The cost of spyware

Last week I wrote about a piece of software called vx2 and loyal reader and constant warrior against the evil forces of malware Scott Hutchinson wrote in to ask, "Why would a user be enticed to install vx2? What does the user think it will do for him?"

Good question. Vx2 became famous for being included in the AudioGalaxy Satellite file-sharing system, but a user outcry got it removed in November 2001. Today, vx2 and its variants can be found in a "free" viewer for adult video content and the "free" products from Mindset Interactive.

According to PestPatrol, "it is hard to tell where this piece of spyware originated. It was first seen as Blackstone Data's Transponder, but repackaged versions of the same product are popping up under several different companies." PestPatrol lists the aliases of the code and sources of each as Transponder from Blackstone Data; vx2, RespondMiter and Sputnik from vx2, Corp.; Aadcom Extreme Targeting from Aadcom; NetPal from NetPalNow and also Mindset Interactive.

Even worse than vx2 is SAHAgent (aka Golden Retriever, ShopAtHome and ShopAtHomeSelect). Ed English, CEO of InterMute, which publishes a spyware-removal utility called SpySubtract, tells me that the latest version of SAHAgent installs under Windows as a Winsock 2 Layered Service Provider (LSP) and does sneaky things such as redirect browsers to merchant sites to generate affiliate fees.

So let's say you find SAHAgent installed and you want to get rid of it. But wait a minute - there's no uninstall routine. And if you try to delete SAHAgent's registry entries and files, you will probably find your network connections no longer function because SAHAgent is an LSP, something that is pretty tricky to remove.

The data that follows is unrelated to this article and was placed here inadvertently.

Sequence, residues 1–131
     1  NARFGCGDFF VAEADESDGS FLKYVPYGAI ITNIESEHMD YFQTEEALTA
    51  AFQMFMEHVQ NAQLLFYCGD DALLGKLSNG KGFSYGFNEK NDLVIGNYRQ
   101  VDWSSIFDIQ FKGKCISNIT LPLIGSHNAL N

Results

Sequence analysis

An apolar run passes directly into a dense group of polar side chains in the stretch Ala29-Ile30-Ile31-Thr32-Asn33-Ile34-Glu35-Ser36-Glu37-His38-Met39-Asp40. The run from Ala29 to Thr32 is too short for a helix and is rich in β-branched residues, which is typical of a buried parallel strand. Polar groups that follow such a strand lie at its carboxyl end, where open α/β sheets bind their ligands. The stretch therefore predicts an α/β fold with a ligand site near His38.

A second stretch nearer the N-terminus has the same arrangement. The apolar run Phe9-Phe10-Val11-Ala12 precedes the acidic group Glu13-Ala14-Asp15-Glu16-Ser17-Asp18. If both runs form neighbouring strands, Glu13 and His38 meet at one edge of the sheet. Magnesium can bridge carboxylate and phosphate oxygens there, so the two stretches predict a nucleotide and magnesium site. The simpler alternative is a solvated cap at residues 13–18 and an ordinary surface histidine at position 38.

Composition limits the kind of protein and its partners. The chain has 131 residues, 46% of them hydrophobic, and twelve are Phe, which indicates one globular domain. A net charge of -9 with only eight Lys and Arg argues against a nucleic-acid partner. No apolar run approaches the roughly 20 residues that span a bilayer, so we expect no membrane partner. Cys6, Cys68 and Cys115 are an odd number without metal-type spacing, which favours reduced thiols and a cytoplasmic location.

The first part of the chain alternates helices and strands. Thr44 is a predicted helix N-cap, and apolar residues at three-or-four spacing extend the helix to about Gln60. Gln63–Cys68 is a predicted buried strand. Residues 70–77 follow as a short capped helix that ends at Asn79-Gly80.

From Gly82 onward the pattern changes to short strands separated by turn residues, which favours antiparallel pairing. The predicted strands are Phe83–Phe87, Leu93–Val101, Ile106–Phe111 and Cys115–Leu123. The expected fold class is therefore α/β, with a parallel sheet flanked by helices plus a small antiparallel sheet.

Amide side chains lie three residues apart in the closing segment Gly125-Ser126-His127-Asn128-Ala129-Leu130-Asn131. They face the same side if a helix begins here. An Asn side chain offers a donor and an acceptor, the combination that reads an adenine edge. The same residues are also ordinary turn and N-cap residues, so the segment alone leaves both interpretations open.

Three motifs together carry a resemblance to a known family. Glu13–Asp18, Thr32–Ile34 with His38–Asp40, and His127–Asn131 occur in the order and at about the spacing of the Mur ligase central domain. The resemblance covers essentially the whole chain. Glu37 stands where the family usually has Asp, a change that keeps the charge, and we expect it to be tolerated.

And I haven't mentioned Claria yet. Claria, which used to be called Gator, is one of the most notorious publishers of adware (got to be careful there, the company has apparently taken to suing anyone who calls its code spyware). Gator has long been one of the poster bad boys of the adware world.

The reason it is still in the game? Adware pays. In fact, just a couple of weeks ago, Claria filed for an IPO to raise $150 million to continue developing what the company is pleased to call a behavioral marketing platform.

But so far all we have discussed is commercial spyware. There is also the bad-guy stuff: Software that acts as key-loggers, Simple Mail Transfer Protocol relays for spammers, password capturers . . . you name an attack or intrusion, there's some spyware that does it and could do it to your network. There are even dialer spyware programs that will place long-distance calls using your modem in an attempt to rack up huge call charges to 900 numbers.

If you're starting to think these programs are dangerous, you're right. They often slow down browsing and overall PC performance, can make your system unstable, and waste huge amounts of time and money. And on top of that, hacker-type spyware easily can bypass every bit of security you have, creating horrendous security problems.

So what might spyware be costing you? We'll start by assuming a fully loaded user salary is $72,000 per year and there are 260 working days per year. If a spyware infection involves nothing more than getting rid of it when found, and that process takes the user and the support person she works with, say, two hours to fix, then we're looking at a cost per incident of:

($72,000/260 days)*((2 people * 2 hours)/(8 hours per day)) = $138.

In a 1,000-person organization with a spyware infection rate of 5% per month we would have some 600 cases per year for a total cost of around $83,000. And if a dialer goes into action that could be a low figure!

We'll consider this some more next week. Your spyware experiences to backspin@gibbs.com.

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